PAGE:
Teaching with Children’s Literature in Initial Teacher Education: Developing Equitable Literacy Pedagogy through Talk about Books


Teaching about children’s literature in pre-service teacher education is quite rare, even though research shows it is crucial for teachers to be good at teaching reading as well as being committed readers (Commeyras et al., 2003; Cremin et al., 2009). Emphasis on the reading process can sideline the importance of talking about quality literature to engage students in reading (Simpson, 2016). I have positioned the role of talk about books as a core part of the undergraduate program that I coordinate. In this way, the pre-service teachers of this study were alerted about the ‘fiction effect’ (Jerrim & Moss, 2019), which shows extended reading of literature has potential to improve reading skills for all students.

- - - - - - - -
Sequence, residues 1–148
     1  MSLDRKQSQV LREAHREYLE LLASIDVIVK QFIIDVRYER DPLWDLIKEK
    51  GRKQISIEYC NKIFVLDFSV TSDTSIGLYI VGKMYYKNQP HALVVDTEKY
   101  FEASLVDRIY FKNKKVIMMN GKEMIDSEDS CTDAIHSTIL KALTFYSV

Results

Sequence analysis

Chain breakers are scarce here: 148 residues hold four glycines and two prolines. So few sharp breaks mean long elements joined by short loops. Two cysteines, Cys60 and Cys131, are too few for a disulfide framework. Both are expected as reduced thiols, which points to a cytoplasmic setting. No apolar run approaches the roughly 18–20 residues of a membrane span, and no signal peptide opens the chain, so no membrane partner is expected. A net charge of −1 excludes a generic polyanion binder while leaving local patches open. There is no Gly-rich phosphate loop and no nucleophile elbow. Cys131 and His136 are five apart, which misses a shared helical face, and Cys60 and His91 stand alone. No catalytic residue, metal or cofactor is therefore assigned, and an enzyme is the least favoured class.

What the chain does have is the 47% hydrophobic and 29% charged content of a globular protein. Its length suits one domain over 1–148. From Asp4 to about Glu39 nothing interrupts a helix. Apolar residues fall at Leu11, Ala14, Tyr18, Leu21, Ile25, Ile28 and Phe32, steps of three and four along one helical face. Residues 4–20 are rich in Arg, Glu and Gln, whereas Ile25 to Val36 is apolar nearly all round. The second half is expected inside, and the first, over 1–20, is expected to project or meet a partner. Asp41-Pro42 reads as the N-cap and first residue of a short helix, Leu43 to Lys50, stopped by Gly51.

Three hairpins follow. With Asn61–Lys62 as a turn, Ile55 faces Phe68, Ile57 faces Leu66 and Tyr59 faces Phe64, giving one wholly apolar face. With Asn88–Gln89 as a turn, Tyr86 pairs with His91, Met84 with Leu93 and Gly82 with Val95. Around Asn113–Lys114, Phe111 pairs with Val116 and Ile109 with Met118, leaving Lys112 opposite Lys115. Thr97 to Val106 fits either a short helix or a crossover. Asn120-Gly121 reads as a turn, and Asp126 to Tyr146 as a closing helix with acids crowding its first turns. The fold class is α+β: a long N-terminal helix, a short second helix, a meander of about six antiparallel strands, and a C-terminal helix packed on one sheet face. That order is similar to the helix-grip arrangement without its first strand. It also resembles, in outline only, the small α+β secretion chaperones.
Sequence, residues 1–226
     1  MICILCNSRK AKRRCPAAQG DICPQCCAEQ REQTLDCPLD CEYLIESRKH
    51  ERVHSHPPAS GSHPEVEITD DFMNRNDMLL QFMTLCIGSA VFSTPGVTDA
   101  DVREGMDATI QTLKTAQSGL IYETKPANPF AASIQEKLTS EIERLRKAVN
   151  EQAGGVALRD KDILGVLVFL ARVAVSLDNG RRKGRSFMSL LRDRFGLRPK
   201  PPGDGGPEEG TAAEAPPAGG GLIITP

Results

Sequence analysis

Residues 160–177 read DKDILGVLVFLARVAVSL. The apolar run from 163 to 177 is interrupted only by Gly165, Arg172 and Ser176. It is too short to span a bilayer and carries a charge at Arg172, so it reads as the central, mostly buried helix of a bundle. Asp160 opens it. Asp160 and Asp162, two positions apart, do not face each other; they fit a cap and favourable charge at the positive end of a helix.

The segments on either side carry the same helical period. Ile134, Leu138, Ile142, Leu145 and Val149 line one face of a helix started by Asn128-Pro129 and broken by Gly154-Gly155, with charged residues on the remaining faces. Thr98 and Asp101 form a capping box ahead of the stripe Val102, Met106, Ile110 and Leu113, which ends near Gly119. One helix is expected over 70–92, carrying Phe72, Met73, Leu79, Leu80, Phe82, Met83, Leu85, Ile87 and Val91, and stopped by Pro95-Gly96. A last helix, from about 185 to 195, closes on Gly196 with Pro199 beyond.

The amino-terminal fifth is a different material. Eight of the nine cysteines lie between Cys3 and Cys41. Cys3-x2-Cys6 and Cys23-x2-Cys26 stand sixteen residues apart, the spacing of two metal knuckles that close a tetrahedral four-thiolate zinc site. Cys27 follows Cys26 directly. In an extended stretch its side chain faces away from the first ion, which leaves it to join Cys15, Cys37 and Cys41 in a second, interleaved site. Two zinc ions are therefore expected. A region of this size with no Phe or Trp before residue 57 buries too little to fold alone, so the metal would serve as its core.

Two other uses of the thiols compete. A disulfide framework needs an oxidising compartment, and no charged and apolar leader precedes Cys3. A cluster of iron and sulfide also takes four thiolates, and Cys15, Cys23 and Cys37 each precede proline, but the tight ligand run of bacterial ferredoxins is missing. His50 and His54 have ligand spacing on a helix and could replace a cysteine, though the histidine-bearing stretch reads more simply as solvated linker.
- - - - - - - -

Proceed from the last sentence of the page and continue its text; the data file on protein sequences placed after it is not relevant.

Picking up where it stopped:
The paper explores how an initial teacher education course in Australia partnered with local schools to create interactions between school children and pre-service teachers talking about children’s literature. A dialogic approach to learning (Alexander, 2020) was adopted to teaching pre-service teachers to develop equitable literacy pedagogy working with children’s literature. Equity was used as a guiding principle to ensure pre-service teachers would provide children of all backgrounds and abilities the same opportunities to read literary texts. During their education program, the pre-service teachers received letters from school children who wrote about their reading preferences. The letters were discussed for evidence of reading habits and new books were sought as recommendations for children to read. By considering their own reading identities, pre-service teachers collectively developed their knowledge about children’s literature as they developed knowledge of literacy pedagogy. The scaffolding of habits of noticing through iterative discussion (Simpson et al., 2020) helped the pre-service teachers learn about their students, learn from their students, and encouraged them to take a more holistic view of the teaching of reading.

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